March 7, 2013
By Jacob Combs
A broad, diverse cross-section of the American public supports marriage equality while opposition for equal marriage rights is becoming increasingly isolated, according to a new meta-analysis of polling data released today by Freedom to Marry. The analysis was conducted by Joel Benenson, President Obama’s lead pollster in 2008 and 2012, and Jan Van Lohuizen, who worked as George W. Bush’s pollster during his 2004 reelection campaign.
While national polling released since the November election has shown a majority of Americans (around 53 percent) supports marriage equality, Benenson and van Lohuizen’s meta-analyais of exit polls revealed that the data, when broken down into its component parts, demonstrate support for equal marriage is spread across a broad, multifarious range of groups, while opposite to the freedom to marry is increasingly concentrated in a few groups.
For instance, all age groups under 65 support marriage equality, by a margin of eight percentage points (52 percent to 44 percent). These age groups make up 84 percent of the population of the United States. So while voters over age 65 continue to be substantially opposed to equal marriage rights (by a 21 point margin), these voters make up only 16 percent of the population.
Just as significantly, when viewed through the lens of religion, marriage equality enjoys support from all voters except white evangelical Christians. The numbers on this front are dramatic: white evangelical Christians oppose equal marriage rights by a remarkable 73-24 percent margin, while all other voters support it by a 58-36 percent supporters. That means that marriage equality enjoys majority support amongst white non-evangelical Protestants (by 11 percentage points), white Catholics (by 10 points), Hispanic Catholics (by 19 points), African-American non-evangelicals (by 34 percent) and Jewish voters (by a stunning 57 percent).
Two substantial pockets of opposition to marriage equality remain. The first consists of white voters without a college degree, who oppose marriage equality by a 16 point margin; white voters with college degrees as well as non-white voters with and without college degrees all support equal marriage. The second consists of voters who identify as Republican. Still, even within this sub-group there is substantial variation, both along the lines of age (51 percent of Republicans under 30 support marriage equality) and ideology: while Tea Party supporters oppose the freedom to marry by a 71 percent margin, opposition is much more muted amongst those who do not identify with the Tea Party.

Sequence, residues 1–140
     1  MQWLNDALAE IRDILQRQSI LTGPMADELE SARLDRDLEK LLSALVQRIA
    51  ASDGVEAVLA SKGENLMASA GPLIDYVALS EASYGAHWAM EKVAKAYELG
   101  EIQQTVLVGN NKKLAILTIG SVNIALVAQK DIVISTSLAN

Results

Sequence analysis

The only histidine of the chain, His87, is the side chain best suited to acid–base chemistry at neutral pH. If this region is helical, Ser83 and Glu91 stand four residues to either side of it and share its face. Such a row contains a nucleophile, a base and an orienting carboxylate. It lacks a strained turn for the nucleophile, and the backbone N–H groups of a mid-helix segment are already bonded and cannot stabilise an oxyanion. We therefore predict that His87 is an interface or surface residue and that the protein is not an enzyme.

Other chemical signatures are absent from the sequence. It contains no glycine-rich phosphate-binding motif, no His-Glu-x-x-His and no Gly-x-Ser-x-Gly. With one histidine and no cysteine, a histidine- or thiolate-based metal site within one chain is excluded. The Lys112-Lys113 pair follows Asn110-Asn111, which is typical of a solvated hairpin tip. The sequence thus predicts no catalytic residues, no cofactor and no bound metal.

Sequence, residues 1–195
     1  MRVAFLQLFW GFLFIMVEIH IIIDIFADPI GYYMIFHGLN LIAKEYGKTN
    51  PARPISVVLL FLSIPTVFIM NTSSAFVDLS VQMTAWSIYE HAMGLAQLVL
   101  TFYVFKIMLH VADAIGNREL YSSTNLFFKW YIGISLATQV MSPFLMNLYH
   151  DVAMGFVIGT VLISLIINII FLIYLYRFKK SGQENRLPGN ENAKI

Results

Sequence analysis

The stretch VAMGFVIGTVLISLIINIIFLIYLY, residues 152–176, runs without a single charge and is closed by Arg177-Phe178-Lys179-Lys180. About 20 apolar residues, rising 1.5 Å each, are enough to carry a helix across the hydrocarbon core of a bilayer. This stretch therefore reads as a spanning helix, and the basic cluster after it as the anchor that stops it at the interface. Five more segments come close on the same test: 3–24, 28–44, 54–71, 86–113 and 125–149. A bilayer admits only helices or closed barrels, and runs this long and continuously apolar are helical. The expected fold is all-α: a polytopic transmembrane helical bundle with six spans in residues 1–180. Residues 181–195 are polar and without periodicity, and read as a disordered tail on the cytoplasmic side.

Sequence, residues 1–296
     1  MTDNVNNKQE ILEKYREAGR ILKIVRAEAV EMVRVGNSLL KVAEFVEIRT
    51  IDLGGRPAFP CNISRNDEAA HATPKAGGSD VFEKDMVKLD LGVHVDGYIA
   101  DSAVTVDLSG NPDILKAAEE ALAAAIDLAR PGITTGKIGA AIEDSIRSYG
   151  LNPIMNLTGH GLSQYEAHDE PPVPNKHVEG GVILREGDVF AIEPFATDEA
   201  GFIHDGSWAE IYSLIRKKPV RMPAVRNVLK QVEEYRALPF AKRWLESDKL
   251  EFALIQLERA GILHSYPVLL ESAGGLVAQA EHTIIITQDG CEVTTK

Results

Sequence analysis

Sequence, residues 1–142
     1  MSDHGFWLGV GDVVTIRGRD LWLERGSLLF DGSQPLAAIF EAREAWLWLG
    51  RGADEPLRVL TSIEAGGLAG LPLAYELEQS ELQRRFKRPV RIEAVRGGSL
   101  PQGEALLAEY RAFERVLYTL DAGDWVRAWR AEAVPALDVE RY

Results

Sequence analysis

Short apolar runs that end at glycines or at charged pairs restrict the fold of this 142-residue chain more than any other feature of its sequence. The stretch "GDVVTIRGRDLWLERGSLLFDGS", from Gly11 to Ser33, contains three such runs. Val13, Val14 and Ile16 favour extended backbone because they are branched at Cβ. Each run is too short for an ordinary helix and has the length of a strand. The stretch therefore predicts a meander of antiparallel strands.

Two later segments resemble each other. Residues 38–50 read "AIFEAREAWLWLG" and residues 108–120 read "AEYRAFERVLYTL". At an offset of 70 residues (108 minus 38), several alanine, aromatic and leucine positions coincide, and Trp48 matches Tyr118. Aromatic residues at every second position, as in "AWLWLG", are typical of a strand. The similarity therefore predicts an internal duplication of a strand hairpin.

Benenson and van Lohuizen’s research includes one last intriguing nugget: notwithstanding their own views on the matter, 83 percent of voters nationwide believe marriage equality will be the law of the land within 5-10 years.
What do these numbers mean? As van Lohuizen put in on a conference call with reporters, “There’s an inevitability on this as far as the voters are concerned.” Just as importantly, Benenson noted that the significant generational divide on marriage equality is highly unlikely to reverse itself. For politicians of both parties, as Benenson put it, this means that “ignoring the fact that those in opposition are increasingly a minority will leave you on the wrong end of history.”
Of course, for a variety of reasons, the views of many national politicians on both sides of the aisle (and especially Republicans) will continue to be dictated by the rabid opposition of a small, dwindling, homogenous group of voters. But as Evan Wolfson, the president of Freedom to Marry, pointed out during the call, state-based campaigns such as the ones that succeeded last November may continue to bear fruit in light of the demographic diversity amongst marriage equality supporters. Legislation is pending in several states across the country, as are legal challenges to marriage restrictions.
And, of course, the ultimate end-goal is undoubtedly a Supreme Court ruling that will step in and provide the issue with a “national resolution,” as Wolfson puts it. We’re likely still a few years away from that, because the Court will probably want to see more states come on board with marriage equality before invalidating marriage bans across the nation. As Benenson and van Lohuizen’s polling analysis demonstrates, though, the laws of the many states which prohibit marriage equality might already be opposed by a majority of those state’s electorates. Defeating those bans, state by state, is the first step forward towards providing equal marriage rights for all couples in the United States.
You can read the full results of the Freedom to Marry meta-analysis here.